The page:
U.S. dollar continues Trump-related broad uptrend
By Gertrude Chavez-Dreyfuss
NEW YORK (Reuters) - The dollar rose against the yen on Friday, extending a broad trend that has been in place since U.S. President Donald Trump's election in November on expectations of more pro-growth policies to bolster an economy that has improved but sputtered at times.
The greenback has climbed for two straight days, pulling it back from seven-week lows against a basket of currencies on the view that it would gain from a rise in border tariffs, tax reform and future spending.
"Donald Trump's ambitious fiscal plans point to stronger growth in the coming quarters," said Fawad Razaqzada, market analyst at Forex.com in London.
"He has hit the ground running, making a number of executive orders in his first week as the president. So hopes that he will boost economic growth are alive and this may keep the dollar bid," he added.
Increasing expectations of tax reforms and fiscal stimulus are easing concerns of trade protectionism, analysts say.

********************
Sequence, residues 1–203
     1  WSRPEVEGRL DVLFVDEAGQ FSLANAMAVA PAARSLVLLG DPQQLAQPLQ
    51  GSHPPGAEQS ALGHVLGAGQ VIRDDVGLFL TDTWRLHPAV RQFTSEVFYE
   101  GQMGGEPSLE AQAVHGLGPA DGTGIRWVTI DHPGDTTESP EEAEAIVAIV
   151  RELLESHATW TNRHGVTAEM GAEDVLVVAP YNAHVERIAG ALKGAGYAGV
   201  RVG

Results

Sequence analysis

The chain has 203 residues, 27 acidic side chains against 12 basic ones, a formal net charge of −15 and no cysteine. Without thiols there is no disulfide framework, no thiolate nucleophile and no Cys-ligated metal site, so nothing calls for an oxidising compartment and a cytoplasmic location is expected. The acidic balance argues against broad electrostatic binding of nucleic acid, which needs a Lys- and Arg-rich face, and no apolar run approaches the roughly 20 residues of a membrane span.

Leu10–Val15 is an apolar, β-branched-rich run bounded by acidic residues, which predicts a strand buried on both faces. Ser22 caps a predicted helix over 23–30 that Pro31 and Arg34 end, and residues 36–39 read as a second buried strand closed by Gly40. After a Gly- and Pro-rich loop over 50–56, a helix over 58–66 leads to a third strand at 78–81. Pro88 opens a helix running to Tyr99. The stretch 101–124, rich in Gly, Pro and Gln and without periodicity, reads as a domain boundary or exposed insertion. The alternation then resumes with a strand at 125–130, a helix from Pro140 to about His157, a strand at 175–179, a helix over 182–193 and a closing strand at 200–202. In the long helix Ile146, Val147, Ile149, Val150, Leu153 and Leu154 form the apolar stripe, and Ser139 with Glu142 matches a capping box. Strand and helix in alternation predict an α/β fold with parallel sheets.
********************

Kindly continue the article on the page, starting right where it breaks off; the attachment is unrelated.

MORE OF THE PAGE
"The heavily abstracted threat of a trade war is unlikely to shake investor confidence until the reality arrives," said Karl Schamotta, director of global product and market strategy at Cambridge Global Payments in Toronto.
The dollar briefly wobbled after the U.S. Commerce Department's first estimate of fourth-quarter gross domestic product showed that growth slowed more than expected, to a 1.9 percent annual rate due to weak exports. The market was expecting growth of 2.2 percent.
The economy grew only 1.6 percent in 2016, the weakest pace since 2011. [nLNNRCEDA1 Continued...